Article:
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Be Irresponsible

“This is where I want to be,” I said, pointing at the picture on this page.

“So why don’t you go?” said David.

Excuses and rationalizations flashed through my mind. I had 20—no, 40—good reasons why I was sitting on my lumpy butt under fluorescent office lights instead of breathing the crisp winter air of the Swiss Alps, cold white smoke coiling behind me as I waited patiently for my skis to meet the snow.

I had 40 good reasons, but what came out of my mouth was this:

“Uhh…uhh…why don’t you?”

Great comeback. That’s me, sharp as the edge of town.

Fact is, no matter how good you have it, sometimes you stop, stare at the wall of responsibilities (school, dumb-ass job, mortgage), and go, “Whoa. What am I doing here? Is this what I really want?” And then you wonder why you never spent a year ski-bumming or never skied in the Alps, or never ponied up for heli-time, or never even went into the backcountry once.

These are good things to wonder. Maybe you’ll decide you took a wrong turn, hit the brakes, and make a life change. More likely, you’ll realize things are generally pretty sweet but that you’re just tired of the same old routine.

Such is the case with me today. It’s the last deadline of the last issue of the year, and I don’t feel like being responsible any more. I don’t feel like writing my intro, either. What I feel like is getting on a plane, going to Europe, and trying to find the magical little spot in the picture on this page.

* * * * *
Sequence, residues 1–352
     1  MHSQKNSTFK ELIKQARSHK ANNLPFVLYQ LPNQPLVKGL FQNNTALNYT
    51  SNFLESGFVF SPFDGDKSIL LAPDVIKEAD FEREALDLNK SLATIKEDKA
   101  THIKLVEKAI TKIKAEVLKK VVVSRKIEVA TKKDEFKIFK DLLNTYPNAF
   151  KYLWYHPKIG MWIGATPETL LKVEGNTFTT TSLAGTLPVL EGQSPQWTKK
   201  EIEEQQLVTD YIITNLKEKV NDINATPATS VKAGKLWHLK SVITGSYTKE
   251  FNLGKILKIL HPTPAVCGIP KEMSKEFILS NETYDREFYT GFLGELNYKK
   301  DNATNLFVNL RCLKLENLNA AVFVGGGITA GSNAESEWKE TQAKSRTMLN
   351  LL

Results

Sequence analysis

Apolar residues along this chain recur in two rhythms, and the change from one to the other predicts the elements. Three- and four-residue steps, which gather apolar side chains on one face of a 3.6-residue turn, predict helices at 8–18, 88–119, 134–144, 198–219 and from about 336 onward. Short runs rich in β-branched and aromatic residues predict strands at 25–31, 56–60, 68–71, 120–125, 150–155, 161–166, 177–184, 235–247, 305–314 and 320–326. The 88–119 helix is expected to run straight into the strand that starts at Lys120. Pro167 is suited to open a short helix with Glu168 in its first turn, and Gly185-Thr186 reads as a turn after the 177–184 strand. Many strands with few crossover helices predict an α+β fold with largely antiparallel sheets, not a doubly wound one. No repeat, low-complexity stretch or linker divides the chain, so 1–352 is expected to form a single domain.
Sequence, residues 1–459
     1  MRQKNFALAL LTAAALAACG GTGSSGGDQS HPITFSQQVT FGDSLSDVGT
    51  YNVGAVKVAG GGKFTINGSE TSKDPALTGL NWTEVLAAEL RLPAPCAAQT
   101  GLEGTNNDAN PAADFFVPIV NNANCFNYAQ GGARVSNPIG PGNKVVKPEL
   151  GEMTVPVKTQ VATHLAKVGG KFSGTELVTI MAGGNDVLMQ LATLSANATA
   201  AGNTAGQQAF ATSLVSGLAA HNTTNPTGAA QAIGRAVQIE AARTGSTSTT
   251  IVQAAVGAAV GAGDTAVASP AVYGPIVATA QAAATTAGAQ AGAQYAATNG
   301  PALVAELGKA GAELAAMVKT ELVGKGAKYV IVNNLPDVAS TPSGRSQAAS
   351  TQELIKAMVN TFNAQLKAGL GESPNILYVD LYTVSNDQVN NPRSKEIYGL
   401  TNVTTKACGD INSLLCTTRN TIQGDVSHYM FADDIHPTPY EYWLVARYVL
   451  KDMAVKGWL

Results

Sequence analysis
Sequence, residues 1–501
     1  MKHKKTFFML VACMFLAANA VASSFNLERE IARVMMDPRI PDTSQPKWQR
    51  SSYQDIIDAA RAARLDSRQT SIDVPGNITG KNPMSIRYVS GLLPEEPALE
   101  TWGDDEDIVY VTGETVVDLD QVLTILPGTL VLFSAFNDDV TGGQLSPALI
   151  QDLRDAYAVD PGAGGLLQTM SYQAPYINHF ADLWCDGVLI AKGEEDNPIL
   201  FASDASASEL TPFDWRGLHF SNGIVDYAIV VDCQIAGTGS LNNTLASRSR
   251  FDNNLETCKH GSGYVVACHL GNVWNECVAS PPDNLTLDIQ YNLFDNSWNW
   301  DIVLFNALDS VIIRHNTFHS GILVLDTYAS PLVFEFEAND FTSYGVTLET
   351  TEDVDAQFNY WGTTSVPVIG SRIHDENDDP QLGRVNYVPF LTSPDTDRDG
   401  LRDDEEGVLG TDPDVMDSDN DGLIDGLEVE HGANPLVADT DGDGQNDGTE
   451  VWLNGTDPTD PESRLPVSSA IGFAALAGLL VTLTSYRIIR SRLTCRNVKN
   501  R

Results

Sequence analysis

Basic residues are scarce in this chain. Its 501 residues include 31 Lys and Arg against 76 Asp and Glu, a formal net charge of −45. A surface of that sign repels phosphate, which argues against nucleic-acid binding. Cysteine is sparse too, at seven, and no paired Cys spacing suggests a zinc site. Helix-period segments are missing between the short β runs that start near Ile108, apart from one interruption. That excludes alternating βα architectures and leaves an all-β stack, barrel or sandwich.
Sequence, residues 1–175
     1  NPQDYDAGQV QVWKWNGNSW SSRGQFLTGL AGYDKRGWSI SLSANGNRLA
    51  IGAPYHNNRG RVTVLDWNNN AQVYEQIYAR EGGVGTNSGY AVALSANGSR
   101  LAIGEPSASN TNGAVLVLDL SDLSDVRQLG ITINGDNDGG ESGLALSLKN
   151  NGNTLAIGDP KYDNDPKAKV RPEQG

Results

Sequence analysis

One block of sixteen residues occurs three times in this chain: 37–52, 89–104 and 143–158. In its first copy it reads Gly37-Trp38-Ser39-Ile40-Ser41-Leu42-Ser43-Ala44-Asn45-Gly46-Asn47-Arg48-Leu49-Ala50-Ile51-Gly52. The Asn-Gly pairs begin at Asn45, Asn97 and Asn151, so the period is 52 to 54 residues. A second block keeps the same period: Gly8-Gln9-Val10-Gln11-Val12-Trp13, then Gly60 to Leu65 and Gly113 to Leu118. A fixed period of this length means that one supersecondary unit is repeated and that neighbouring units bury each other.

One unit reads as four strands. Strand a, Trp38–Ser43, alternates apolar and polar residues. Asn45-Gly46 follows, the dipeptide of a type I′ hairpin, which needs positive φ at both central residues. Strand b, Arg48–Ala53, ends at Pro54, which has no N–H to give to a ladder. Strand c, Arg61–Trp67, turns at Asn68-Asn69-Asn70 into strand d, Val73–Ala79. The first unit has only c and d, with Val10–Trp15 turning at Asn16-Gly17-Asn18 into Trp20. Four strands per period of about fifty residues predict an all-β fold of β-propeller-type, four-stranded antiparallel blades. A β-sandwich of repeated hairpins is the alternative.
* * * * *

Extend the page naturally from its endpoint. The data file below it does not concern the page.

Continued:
OK, so I don’t have the money to go to Europe tonight, nor can I afford the familial and career consequences should I go. But a little personal irresponsibility in the name of mental health, that I can afford. So, I’m outta here. I’m not going to write this damn thing.

In order to justify this whole-hearted embrace of irresponsibility and avoidance of Intro-writing, I need to leave you with a message, and the message is this: Don’t let yourself get so bogged down by life that you’re afraid to take risks, afraid to kiss off things in the name of fun, afraid to develop that old eye problem (“Sorry, boss, I just can’t see coming in today”). Picture yourself old and frail and mulling over your life. Are you going to say, “You know, I’m really glad I went to work that day 50 years ago.” Not likely.

So, blow something off today, and go skiing. Go now.

First published in Powder Magazine, issue 24.7, March 1996. Copyright Steve Casimiro 2001. All rights reserved.

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